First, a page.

Charlotte September 27, 2017
5 Disturbing Cemeteries Around Charlotte That Will Give You Goosebumps
The spookiest month of the year is right around the corner, which makes it the perfect time to get out to visit some of Charlotte’s creepiest attractions. Although Charlotte is a somewhat new and modern city, there are some very historic and old cemeteries existing in our town that will give you a slight chill if you visit during the daytime — and will absolutely terrify you if you visit at night. This Friday the 13th make a trip out to one of these local cemeteries for a spooky October experience you won’t forget.
We’re aware that these uncertain times are limiting many aspects of life. While we continue to feature destinations that make our state wonderful, please take proper precautions or add them to your bucket list to see at a later date. If you know of a local business that could use some extra support during these times, please nominate them here:
1. Elmwood Cemetary
Elmwood Cemetery has existed in Uptown Charlotte since 1853 and contains the graves of some of the first political figures and business people of our city.
A hauntingly beautiful cemetery, the graves at Elmwood are plotted against a backdrop of the Uptown Charlotte skyline.
As one of the first cemeteries in Charlotte, Elmwood includes two other cemeteries within its boundaries. Pinewood Cemetery was a cemetery designated for African American burials and Potter's Field was a "pauper's cemetery" where individuals who couldn't afford traditional luxuries like headstones and formal burial plots were buried.
In 1959, Elmwood Cemetery was the site of the murder of a local Charlotte woman who had been visiting the grave of her mother, making it all the more terrifying.
Elmwood Cemetery occasionally hosts Free History Days where Charlotte residents can visit the cemetery to find actors telling the stories of those that are buried there, including John King who was crushed to death by a circus elephant in 1880, or "The Unknown Boy," whose body was found in 1932 and to this day still remains unidentified.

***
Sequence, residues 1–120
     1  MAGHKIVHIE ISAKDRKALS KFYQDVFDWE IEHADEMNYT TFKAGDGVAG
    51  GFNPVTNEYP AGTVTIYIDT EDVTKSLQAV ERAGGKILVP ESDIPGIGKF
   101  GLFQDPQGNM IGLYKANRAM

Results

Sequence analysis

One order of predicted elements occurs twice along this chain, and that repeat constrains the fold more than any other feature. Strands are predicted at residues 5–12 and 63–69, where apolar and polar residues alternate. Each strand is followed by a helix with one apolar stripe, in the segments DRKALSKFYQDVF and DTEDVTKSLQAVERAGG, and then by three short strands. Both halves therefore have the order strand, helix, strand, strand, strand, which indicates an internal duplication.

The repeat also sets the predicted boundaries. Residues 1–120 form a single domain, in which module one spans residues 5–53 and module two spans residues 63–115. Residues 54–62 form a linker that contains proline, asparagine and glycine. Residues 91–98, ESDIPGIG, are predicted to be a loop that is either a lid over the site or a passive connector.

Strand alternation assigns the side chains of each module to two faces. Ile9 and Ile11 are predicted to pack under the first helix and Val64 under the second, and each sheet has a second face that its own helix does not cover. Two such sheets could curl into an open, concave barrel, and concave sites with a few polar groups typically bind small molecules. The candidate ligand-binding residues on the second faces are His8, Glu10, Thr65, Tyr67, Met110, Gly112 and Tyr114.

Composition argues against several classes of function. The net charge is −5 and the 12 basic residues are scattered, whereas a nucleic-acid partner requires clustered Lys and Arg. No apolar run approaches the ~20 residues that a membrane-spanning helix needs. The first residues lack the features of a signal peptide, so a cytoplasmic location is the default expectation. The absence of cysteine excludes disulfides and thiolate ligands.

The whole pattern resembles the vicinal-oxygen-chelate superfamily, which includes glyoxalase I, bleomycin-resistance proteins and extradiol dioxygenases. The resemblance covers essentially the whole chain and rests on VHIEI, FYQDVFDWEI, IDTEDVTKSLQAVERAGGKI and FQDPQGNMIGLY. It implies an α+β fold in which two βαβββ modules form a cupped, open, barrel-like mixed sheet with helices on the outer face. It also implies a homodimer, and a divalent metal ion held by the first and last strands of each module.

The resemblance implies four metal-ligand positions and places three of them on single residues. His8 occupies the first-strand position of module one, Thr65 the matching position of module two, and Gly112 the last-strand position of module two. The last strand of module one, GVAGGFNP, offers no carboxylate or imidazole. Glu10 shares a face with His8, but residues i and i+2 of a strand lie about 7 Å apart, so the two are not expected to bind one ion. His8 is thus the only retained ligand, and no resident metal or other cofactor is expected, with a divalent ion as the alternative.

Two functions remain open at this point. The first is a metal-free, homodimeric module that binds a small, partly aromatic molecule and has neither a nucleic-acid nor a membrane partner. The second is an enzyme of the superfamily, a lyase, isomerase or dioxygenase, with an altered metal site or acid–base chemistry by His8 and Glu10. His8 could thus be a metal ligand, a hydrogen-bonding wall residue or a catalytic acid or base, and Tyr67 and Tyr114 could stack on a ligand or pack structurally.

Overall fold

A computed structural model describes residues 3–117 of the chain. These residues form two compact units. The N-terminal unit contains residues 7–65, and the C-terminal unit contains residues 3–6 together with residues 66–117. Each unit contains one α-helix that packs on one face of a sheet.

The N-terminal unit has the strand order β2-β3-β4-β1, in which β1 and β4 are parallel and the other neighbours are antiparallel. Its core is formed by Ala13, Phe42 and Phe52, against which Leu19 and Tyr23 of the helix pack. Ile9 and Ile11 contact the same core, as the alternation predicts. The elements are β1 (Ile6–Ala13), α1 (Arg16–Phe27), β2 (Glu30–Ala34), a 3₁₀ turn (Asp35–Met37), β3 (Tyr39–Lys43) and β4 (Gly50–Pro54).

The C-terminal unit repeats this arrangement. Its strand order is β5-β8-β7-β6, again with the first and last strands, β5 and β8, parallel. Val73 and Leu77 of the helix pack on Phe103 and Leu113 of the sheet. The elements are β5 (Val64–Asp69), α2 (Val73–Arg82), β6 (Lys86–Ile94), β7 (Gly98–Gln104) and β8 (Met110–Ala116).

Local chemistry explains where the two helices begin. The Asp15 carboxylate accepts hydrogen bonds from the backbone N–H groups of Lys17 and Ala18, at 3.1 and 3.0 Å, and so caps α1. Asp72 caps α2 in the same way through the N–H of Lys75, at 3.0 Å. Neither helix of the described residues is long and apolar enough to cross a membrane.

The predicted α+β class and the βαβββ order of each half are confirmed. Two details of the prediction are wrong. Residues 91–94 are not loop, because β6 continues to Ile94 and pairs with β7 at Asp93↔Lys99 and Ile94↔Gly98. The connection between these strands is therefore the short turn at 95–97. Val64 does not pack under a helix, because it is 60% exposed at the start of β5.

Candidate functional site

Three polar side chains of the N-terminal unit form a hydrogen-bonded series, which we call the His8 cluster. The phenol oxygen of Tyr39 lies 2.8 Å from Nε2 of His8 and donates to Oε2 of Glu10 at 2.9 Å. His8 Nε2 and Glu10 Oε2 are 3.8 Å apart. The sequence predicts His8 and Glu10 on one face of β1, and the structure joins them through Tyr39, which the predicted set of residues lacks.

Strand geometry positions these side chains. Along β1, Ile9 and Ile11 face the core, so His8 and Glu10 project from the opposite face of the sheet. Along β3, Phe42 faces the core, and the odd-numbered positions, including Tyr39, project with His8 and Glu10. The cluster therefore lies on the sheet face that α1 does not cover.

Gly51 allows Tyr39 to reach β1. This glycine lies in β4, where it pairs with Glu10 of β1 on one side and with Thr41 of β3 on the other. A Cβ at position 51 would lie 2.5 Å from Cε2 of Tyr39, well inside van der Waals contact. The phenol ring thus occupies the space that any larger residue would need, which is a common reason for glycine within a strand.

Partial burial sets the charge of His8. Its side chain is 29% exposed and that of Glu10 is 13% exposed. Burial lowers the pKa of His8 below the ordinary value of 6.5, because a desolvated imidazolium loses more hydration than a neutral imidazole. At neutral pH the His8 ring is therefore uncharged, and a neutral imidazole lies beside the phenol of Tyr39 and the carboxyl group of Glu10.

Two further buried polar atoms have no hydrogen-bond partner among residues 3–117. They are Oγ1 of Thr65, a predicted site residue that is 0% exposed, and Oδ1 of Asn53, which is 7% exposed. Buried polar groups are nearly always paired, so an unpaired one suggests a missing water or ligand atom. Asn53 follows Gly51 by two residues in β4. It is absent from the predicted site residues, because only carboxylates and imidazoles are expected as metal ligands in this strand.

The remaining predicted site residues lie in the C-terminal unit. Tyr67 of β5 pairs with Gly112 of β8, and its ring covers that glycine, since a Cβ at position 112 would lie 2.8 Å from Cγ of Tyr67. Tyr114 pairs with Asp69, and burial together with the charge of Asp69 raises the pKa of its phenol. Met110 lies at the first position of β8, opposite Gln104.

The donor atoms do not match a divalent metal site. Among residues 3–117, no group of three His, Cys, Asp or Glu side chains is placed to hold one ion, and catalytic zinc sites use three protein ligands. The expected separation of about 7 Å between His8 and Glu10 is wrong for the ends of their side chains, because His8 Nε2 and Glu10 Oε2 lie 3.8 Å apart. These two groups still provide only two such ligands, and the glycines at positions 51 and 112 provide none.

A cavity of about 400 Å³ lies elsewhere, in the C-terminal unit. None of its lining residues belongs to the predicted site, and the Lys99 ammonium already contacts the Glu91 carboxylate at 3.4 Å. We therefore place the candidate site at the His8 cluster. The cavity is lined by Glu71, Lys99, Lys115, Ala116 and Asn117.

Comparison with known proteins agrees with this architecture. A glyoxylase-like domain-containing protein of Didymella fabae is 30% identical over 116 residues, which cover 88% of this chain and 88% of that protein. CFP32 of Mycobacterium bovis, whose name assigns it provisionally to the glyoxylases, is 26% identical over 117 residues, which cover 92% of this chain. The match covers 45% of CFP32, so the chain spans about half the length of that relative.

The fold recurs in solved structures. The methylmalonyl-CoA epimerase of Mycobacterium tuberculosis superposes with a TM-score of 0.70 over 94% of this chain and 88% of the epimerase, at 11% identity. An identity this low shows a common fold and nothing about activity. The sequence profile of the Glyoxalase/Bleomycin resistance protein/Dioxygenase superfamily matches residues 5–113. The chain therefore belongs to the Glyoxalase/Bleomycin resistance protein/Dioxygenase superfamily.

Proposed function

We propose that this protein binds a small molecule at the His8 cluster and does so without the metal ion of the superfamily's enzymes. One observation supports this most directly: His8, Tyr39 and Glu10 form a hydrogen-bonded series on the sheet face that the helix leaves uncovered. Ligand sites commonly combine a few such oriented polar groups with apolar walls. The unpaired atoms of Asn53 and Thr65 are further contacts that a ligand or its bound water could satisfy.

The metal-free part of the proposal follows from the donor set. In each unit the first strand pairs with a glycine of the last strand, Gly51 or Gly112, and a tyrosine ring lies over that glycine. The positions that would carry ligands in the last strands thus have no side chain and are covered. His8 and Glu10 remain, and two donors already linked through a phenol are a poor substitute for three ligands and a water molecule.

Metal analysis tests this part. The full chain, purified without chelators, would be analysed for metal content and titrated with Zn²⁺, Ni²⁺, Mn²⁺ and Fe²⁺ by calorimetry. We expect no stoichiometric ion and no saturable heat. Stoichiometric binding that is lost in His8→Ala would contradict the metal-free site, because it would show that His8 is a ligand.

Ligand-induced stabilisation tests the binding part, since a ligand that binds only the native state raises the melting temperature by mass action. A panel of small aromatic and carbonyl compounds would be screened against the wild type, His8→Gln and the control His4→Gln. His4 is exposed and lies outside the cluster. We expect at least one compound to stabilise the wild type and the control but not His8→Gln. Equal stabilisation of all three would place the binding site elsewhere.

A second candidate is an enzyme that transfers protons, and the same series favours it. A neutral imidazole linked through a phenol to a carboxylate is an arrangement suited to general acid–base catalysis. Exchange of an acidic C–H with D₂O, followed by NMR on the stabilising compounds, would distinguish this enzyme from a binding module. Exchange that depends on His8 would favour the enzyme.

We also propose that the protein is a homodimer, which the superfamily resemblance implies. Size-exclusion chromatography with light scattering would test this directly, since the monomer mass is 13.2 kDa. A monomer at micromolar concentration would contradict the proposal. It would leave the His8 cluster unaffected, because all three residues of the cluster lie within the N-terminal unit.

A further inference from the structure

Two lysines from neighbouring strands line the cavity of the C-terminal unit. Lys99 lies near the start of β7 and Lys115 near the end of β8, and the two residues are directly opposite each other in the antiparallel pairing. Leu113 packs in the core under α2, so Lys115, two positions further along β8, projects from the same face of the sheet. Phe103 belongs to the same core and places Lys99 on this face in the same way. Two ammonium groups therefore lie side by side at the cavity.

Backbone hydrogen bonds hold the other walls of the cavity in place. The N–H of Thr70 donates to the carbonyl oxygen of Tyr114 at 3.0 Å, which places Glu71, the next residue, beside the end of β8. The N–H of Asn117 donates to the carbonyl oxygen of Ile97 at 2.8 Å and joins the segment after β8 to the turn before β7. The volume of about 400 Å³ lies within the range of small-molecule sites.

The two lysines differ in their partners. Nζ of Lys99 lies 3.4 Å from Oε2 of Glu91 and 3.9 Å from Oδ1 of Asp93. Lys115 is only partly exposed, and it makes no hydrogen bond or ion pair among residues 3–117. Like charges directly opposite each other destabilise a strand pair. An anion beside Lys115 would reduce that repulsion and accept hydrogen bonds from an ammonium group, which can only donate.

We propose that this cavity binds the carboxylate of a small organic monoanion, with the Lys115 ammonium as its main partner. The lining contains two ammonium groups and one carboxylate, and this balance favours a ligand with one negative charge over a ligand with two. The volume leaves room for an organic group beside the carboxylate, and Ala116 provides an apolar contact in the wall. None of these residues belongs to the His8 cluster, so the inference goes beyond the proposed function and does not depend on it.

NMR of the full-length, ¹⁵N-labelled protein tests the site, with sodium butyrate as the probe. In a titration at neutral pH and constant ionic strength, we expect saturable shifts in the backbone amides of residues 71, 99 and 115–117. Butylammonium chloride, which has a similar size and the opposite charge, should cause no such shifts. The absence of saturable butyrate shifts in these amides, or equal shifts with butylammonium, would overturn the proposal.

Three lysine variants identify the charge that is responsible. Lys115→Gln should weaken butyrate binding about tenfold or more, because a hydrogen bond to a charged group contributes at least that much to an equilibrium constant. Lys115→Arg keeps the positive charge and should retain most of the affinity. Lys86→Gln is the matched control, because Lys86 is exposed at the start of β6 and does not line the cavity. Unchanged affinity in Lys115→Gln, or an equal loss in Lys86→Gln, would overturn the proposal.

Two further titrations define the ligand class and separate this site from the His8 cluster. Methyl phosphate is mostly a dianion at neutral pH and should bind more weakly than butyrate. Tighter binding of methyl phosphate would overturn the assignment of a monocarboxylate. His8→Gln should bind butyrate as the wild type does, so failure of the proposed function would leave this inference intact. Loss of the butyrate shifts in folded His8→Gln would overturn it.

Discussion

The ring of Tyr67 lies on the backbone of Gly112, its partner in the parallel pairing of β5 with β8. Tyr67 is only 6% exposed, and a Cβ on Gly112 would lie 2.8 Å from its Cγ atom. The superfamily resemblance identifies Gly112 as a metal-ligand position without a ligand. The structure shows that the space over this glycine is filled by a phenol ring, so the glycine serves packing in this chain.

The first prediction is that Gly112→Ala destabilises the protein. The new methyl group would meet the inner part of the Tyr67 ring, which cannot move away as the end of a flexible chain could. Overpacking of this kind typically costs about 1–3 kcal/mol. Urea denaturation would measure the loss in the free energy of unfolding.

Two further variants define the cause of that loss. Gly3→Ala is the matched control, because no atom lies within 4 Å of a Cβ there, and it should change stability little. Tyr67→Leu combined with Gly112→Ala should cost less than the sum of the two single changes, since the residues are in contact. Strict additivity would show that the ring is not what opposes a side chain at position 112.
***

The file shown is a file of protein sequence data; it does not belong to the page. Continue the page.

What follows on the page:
2. Old Settler's Cemetery
Old Settler's Cemetery is Charlotte's oldest cemetery and is located at the corner of W. 5th Street and North Church Street in Fourth Ward.
The oldest gravestone in Old Settler's Cemetery dates back to 1776, even though the City of Charlotte did not become aware that the area was a burial site until 1815.
Old Settler's Cemetery draws many visitors and tourists during the day time to look at the historic graves and headstones.
Many of Charlotte's greatest Revolutionary War Veterans and Confederate Veterans are buried at Old Settler's Cemetery. This includes Thomas Polk, who was responsible for the gathering where the Mecklenburg Deceleration of Independence was signed and Revolutionary War Hero Major General George Graham.
The cemetery may be a great tourist attraction by day, but you don't want to visit at night.
There are still many unmarked graves and tombstones within this cemetery, and if you wander through in the evenings you never know what ghostly characters you might come across.
3. Biddleville Cemetery
Biddleville Cemetery is located in Five Points Park near the intersection of French Street and Cemetery Street. Biddleville Cemetery was founded in 1873 and is one of the oldest African American cemeteries in Mecklenburg County.
Biddleville Cemetery hosts the grave sites of several notable Charlotte African Americans including veterans of the Spanish-American War, World War I and World War II.
4. Davidson College Cemetery
Davidson College Cemetery is a chilling cemetery located on the grounds of the popular Davidson College slightly north of Charlotte.
This cemetery was started by the college in 1838.
Approximately 100 grave sites are found in this cemetery and most have connections with the college or are relatives of people who had connections with the college.
The oldest graves in the cemetery are those of the daughters of the first Davidson College President who died from Diphtheria in 1838. Another notable grave here is that of General D.H. Hill, a Confederate General during the Civil War.
5. Steele Creek Presbyterian Church and Cemetery
Steele Creek Presbyterian Church and Cemetery is a historic church and cemetery that dates back to the 1700's.
Sitting adjacent to the cemetery, the church exhibits a Gothic style architecture that seems to make the cemetery feel even more chilling for visitors.
There are approximately 1,700 graves at Steele Creek Presbyterian Cemetery including those of some of Charlotte's first settlers.
The cemetery also contains a unique collection of 18th-century carvings which makes an interesting sight to see while visiting. This cemetery is definitely one that will give you the spooks, so if you like a good fright, plan for an evening this October.
If you are the type who enjoys learning more about the dead or visiting historic grave sites in the Queen City, you must check out these five local cemeteries. We warn you though – that chill in the air may be a little bit more than our autumn temperatures!